Lehzen had the self-discipline, plus the selfless dedication, that her position demanded. But she considered the job offer that Leopold made (via Victoire) very carefully before accepting. ‘After a short silence,’ Lehzen recollected of the interview, ‘I said that I had often thought of the great difficulties which such a person might have to encounter in educating a Princess. As a condition of her service, Lehzen asked that she might always be present when Victoria met third parties, so that her influence would be paramount. Although Victoria met few outsiders, this did not mean that she spent much time alone. Every aspect of her progress through girlhood was kept constantly under watch. ‘I never had a room to myself,’ Victoria claimed in later life, ‘till I was nearly grown up always slept in my Mother’s room.’ Victoria told one of her own children that she was not even allowed to walk downstairs unaccompanied in case she fell. Even when she walked out in Kensington Gardens, the young princess felt, people constantly ‘look at me … to see whether I am a good child’.
As she was already living at Kensington Palace, Lehzen must have been aware that her charge would be difficult to manage. The celebrated fiery temper of the Hanoverian dynasty was already visible in the little girl: people called her ‘le roi Georges in petticoats’. ‘Did she not feel unhappy when she had done wrong?’ a tutor once asked her. ‘Oh no,’ Victoria replied. Her mother Victoire was still finding all this very difficult. Her younger daughter ‘drives me at times to real desperation’, she admitted.
Victoire watched Victoria so closely and carefully because of the legitimate fear that despite her late husband’s will, George IV might at any time try to remove her daughter from her care. Previous kings had always made their own educational arrangements for their heirs, and precedent was everything in the royal family. George IV’s personal dislike of Victoire meant he was constantly ‘talking of taking her child from her’.
The lonely Victoire, with her debts and responsibilities and grief, was scatterbrained and prone to making poor judgments of character. But she redeems herself with her charm and warmth, and clearly loved her children. ‘Her kindness and softness,’ it was said of her, ‘are very delightful in spite of want of brains.’ She was gradually learning the language of her adopted country, but still apologized to visitors ‘for not speaking English well enough to talk it’. This is one of the reasons she had grown so dependent upon Captain Conroy.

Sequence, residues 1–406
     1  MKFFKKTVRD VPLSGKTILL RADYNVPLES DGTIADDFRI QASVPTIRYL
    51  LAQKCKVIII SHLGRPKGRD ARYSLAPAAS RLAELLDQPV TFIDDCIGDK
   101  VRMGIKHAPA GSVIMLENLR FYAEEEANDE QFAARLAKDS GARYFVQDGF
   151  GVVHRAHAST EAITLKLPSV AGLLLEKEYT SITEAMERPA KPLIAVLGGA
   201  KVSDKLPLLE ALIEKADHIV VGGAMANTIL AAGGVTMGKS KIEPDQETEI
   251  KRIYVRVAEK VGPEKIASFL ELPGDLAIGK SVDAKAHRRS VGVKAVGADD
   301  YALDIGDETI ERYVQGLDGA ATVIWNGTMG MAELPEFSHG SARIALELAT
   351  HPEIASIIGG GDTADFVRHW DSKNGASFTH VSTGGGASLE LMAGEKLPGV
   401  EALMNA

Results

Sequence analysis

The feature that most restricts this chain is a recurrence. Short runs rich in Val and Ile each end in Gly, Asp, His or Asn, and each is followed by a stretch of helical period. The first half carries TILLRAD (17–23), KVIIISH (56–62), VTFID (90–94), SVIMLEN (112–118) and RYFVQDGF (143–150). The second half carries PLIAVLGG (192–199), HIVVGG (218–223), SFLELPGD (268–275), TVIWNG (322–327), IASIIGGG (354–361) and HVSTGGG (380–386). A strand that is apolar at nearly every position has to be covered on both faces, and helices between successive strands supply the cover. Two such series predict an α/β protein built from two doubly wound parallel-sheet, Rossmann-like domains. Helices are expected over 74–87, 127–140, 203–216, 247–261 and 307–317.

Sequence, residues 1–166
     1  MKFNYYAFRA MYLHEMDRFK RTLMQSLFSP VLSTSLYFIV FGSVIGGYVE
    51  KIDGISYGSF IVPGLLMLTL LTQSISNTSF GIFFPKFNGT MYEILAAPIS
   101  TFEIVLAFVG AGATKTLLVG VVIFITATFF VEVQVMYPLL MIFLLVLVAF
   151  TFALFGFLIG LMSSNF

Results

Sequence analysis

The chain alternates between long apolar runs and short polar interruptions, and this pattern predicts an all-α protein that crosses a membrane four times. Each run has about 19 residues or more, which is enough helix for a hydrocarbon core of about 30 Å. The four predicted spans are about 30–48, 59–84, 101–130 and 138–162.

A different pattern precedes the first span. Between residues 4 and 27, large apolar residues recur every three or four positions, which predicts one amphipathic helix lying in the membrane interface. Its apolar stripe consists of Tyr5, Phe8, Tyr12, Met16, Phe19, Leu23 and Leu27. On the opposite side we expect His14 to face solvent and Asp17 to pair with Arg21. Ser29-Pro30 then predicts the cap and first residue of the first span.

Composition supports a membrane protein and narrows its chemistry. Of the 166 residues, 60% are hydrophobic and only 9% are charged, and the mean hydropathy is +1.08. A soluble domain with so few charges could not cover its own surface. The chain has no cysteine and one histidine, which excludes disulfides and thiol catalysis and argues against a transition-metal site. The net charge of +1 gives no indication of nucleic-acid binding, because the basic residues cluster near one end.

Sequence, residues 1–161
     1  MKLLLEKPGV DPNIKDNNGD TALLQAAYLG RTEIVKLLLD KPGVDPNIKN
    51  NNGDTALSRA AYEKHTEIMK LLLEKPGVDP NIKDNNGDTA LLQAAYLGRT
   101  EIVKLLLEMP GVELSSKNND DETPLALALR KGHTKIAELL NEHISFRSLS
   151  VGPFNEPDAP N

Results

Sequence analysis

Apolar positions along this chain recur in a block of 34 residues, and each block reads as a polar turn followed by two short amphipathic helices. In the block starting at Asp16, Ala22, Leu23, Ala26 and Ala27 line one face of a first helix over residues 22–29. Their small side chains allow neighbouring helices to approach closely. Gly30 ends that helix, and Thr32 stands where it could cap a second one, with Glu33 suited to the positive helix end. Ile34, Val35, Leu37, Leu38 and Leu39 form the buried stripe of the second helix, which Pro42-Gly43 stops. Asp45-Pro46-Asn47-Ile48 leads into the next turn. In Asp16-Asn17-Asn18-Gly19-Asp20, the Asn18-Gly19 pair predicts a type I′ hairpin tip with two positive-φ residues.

Victoire never wrote – nor presumably spoke – quite as a native. Did she, therefore, talk to her daughter in German? The unpopularity of the German Hanoverians in Britain explains Victoria’s own later insistence that she did not. ‘Never spoke German … not allowed to,’ she stoutly claimed. Her schoolroom timetable does reveal, however, that she had a formal German lesson twice a week. And the German accents of Victoria’s mother, Lehzen and Späth did certainly affect her spoken English. Her tutor Mr. Davys, brought in to supplement Lehzen with more formal lessons, recollected that at first ‘she confused the sound of the “v” with that of “w”, and pronounced much as muts.’
It must have been hard for Victoire when her own daughter began to talk about ‘my angelic dearest Mother, Lehzen, who I do so love!’ But a coldness was gradually creeping into Victoire’s relationship with Victoria, not least because Victoria had picked up on her Uncle Leopold and Lehzen’s distrust of Captain Conroy. ‘I have grown up all alone,’ Victoria later declared. This was not technically true; it was more that she felt alone. In reality, she was constantly surrounded not only by servants but also, as time went on, by Conroy’s family. His wife was a frequent visitor, and his daughters, Jane and another Victoire, became Victoria’s approved playmates. With them, she played with rudimentary jigsaws called ‘dissected prints’, made cottages out of cards, dressed up as ‘Nuns’ or ‘Turks’ or rode upon a pony called Isabel. It doesn’t sound like a lonely life, but the loneliness that she experienced stemmed from the fact that her intimates were chosen for her.
Conroy, for his part, had insinuated himself completely into Victoire’s confidence. It’s clear that he was adept at exploiting her lack of self-belief. ‘So often, so very often,’ she confessed to him, ‘what you said so often and what hurt me, but unhappily is true, I am not fit for my place, no, I am not. – I am just an old stupid goose.’ Victoire also worried that Conroy had appointed a rather dubious clerk to pay the palace bills. She later admitted that ‘she was afraid of him – he might be dishonest’. Victoire’s own vagueness confused and irritated Conroy in return. ‘The Duchess lives in a mist,’ he said, ‘and therefore she is very difficult to deal with.’